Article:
IAAF Long Suspicious of Marta Domínguez
Translated by Stewart Atkins for LetsRun.com
December 23, 2010
Long suspected by the IAAF
The international federation, wary of the “correctness” of Domínguez's hematologic profile, had the track and field star undergo a barrage of surprise drug tests
C.ARRIBAS - Madrid - 23/12/2010
There are times when being too perfect, and too consistent, raises red flags. This is what happened with Marta Domínguez, in the opinion of the International Association of Athletics Federations (IAAF), whose antidoping experts have for years seen in Domínguez's blood profile too much correctness, and far too little variation. As a result they didn't think twice about including her on a list of suspicious athletes, athletes whom they were sure were doping, based on indirect findings, but for whom they still lacked absolute proof. In an attempt to find the exact substance whose effects they could clearly see in the tests, the IAAF had this select group of suspicious athletes undergo an increased number of antidoping controls.
This strategy was put into practice with Marta Domínguez during the 2009 World Championships in Berlin. According to sources familiar to the case, on Friday, August 14, the IAAF antidoping inspectors thought Domínguez's blood test (measuring her hematocrit, hemoglobin, and reticulocyte levels) looked so suspicious that they ordered an immediate follow-up urine test to look for EPO and CERA. They were in such a rush to get the test done that they didn't realize that Domínguez was scheduled to compete in the semifinals of the 3000 meter steeplechase just an hour later (at 11:18 am). Domínguez and her team openly protested this late control and the IAAF admitted that they had perhaps been too insensitive to her rights as an athlete. The drug test ended up being negative, just like all of the other drug tests Domínguez has ever had. And after not doing particularly well in that semifinal, two days later she won the final and the World Championship gold medal, finishing in an extraordinary time of 9:07.32, the best time of the year and the third fastest of all time.
The IAAF's suspicions weren't solely due to the predictable chart that could be traced from Domínguez's hematocrit values over the course of years, which were always the same and predicable and well within permitted limits. Rather, these suspicious also came out of the fact that even before the 2008 Beijing Olympics, the IAAF had received warning from the Spanish Federation that Domínguez had begun working with César Pérez, the hurdling coach who has since been charged in Operation Greyhound.
While the Spanish Federation cannot initiate proceedings against Domínguez for doping while she remains charged in this investigation (the mere possession of banned substances, which the Federal Police is accusing her of, is already reason enough for a sanction) the Federation can in fact give her a provisional suspension. Nevertheless, given that the world champion already announced that she was taking a leave of absence from the sport due to her pregnancy and hasn't expressed a desire to compete in the coming months, that measure (provisionally suspending her) is not a pressing concern. In an event, even if she is not immediately found to be guilty, the dismissal of this charge will likely take months, according to experts.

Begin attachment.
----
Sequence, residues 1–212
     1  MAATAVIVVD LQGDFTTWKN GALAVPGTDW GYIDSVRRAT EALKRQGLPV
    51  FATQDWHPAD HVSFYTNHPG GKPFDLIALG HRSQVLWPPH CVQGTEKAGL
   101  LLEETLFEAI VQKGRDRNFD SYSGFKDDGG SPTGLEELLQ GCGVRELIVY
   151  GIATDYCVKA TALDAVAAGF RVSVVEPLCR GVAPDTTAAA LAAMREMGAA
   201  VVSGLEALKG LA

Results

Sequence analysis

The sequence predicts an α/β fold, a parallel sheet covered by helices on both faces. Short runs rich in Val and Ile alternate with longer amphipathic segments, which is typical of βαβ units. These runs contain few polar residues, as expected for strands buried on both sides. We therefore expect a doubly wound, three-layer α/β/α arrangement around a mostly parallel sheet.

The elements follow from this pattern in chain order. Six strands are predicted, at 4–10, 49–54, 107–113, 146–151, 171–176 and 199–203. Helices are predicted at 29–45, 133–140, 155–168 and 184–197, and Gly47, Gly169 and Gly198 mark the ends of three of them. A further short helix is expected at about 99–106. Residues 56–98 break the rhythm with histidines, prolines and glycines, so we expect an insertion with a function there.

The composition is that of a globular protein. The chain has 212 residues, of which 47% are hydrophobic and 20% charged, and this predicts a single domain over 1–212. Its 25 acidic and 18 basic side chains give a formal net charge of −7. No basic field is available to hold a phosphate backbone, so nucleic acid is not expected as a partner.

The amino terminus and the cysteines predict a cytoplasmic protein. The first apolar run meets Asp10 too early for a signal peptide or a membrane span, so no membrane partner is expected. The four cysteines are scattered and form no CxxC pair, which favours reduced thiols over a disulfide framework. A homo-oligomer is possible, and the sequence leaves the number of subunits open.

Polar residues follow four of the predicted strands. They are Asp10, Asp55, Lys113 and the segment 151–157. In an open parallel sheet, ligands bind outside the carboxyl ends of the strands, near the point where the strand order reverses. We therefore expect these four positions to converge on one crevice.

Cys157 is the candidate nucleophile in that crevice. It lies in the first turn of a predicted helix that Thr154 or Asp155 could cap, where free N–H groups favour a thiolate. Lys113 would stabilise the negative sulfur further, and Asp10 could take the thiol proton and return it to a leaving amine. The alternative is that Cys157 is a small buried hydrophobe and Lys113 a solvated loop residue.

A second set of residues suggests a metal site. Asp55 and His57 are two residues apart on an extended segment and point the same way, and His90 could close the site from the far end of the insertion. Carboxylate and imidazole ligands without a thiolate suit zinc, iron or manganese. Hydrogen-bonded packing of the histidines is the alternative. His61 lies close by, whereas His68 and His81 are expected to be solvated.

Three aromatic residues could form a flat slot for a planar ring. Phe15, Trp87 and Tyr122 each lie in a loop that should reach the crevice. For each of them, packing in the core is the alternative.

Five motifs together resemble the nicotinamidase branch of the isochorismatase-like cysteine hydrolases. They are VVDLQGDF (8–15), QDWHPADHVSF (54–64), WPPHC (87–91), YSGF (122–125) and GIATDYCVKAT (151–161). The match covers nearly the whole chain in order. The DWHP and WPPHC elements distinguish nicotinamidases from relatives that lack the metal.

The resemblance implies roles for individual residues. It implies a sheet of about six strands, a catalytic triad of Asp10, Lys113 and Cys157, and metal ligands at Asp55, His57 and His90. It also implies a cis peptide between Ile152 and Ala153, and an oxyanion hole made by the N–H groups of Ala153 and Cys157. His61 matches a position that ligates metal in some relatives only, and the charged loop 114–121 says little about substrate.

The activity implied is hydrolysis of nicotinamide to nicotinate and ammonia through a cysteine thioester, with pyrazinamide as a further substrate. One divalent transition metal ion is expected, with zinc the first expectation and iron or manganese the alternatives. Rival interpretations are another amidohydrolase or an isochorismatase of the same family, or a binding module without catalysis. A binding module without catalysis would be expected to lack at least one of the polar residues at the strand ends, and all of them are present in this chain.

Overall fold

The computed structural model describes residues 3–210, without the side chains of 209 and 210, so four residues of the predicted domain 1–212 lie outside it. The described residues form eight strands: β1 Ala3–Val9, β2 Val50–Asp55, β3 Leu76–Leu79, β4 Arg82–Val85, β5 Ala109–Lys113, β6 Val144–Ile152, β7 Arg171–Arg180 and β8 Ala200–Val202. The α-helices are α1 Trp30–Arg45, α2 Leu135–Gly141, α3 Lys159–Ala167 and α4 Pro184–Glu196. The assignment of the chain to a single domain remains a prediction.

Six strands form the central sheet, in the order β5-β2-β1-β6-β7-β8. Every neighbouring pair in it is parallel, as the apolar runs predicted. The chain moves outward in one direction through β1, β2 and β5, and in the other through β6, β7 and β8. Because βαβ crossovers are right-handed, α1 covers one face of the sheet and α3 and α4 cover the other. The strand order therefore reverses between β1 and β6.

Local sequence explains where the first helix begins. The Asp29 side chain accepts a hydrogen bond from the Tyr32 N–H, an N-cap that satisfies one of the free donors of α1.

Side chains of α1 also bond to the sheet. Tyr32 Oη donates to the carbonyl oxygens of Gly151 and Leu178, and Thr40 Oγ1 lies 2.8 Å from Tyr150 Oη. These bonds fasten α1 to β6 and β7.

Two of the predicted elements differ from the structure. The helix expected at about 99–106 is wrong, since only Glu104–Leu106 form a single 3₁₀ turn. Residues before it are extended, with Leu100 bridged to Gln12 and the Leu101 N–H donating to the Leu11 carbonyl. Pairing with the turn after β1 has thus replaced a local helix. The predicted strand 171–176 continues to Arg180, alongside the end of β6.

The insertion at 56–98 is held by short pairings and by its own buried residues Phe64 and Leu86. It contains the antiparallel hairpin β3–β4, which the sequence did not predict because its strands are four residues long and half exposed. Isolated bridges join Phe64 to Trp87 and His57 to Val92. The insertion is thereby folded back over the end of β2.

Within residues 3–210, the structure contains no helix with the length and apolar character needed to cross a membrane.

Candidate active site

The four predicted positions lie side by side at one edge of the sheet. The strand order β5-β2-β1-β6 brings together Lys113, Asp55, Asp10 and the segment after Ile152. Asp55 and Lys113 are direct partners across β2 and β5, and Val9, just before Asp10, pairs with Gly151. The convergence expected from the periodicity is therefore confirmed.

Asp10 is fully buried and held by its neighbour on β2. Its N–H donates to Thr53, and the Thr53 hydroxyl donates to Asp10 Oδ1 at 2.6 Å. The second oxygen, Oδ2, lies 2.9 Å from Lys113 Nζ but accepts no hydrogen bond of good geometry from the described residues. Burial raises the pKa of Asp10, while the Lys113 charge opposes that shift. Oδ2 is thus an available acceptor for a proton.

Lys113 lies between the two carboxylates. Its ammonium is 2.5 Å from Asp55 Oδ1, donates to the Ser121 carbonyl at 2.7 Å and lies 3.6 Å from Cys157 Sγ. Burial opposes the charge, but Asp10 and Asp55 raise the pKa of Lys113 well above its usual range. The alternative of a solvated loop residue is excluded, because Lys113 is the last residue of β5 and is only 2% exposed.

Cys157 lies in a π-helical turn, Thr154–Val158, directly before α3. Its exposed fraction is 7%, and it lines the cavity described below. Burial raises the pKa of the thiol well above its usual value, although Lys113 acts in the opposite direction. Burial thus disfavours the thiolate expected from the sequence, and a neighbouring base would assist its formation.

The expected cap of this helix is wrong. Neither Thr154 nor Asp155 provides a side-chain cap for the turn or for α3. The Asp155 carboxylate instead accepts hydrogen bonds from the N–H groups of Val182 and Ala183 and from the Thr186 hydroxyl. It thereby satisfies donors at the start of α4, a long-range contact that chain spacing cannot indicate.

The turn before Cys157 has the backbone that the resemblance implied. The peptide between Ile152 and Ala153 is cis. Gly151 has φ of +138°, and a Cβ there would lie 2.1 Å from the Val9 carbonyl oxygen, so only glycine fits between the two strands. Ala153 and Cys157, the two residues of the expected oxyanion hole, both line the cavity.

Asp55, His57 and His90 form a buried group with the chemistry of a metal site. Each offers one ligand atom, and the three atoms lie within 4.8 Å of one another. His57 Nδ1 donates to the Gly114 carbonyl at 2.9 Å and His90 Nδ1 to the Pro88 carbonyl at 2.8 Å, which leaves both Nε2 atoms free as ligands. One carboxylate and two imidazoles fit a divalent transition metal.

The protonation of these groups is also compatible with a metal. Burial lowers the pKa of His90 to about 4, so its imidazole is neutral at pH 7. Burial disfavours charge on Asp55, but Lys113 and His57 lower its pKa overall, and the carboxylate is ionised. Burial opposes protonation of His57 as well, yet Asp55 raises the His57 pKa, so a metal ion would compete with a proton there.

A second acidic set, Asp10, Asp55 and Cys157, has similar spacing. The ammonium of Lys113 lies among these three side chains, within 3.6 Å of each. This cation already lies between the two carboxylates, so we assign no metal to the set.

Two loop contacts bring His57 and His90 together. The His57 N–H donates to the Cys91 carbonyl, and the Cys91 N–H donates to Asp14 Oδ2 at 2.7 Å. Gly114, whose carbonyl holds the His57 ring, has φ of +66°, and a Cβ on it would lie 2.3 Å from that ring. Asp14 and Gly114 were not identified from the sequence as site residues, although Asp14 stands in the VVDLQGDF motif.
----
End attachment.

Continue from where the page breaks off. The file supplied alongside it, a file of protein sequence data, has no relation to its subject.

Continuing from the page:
Despite the fact the IAAF has not yet begun using biological passports, which would permit the organization to sanction athletes based on indirect evidence alone (and without the need to have a positive drug test), antidoping agents are already all too familiar with the various methods athletes use to cheat the system. This sophisticated cheating leads to the sort of excessive “correctness” that in the end focused their attention on Domínguez. Such deceptive methods involve using EPO in small doses following a stay at altitude, and coupling this with an antidiuretic hormone. This hormone, which, while normally used to treat incontinence and bed-wetting, does leave the following trace: an increased volume of red blood cells. This effect, consequently, has been observed in the profiles of a number of suspicious athletes.
More Spanish Doping Translations:
December 22: *Marta Domínguez Testifies In Court And Is Released, Says "I'm positive that I'm innocent."
December 21: *Natalia Rodriguez's Coach Talks About Doping Scandal, Looks Back to 2009 and Sees Some Thing Differently
* 2009 European XC Champ Alemayehu Bezabeh May Have Been Duped By His Coach Into Blood Doping And Could Possibly Get Off Because He Didn't Reinject Blood
*A Bag Of Blood From Operation Puerto In 2006 Was Linked To Marta Dominguez And Helped Kick Off This Probe
*Marta Domínguez: "I've Never Dealt Drugs."
*Last Year's European XC Champ Alemayehu Bezabeh Admitted He Was Just About To Transfuse A Bag Of Blood Bezabah apparently thought there was nothing wrong with it and for some reason we believe he's telling the truth. "He told me that he was just about to tap the bag, and when I told him that this was doping and that he couldn't be on the team, he was shocked."
*Jesus España: "It was a well-known secret"
*"It's very easy to walk into a doctor's office with 7,000 bucks in your pocket (5,000 euros) and tell the doctor that 'the time has come to reach my full potential. Do anything you have to do, here are my veins. Just make me into a champion.' I could have done that."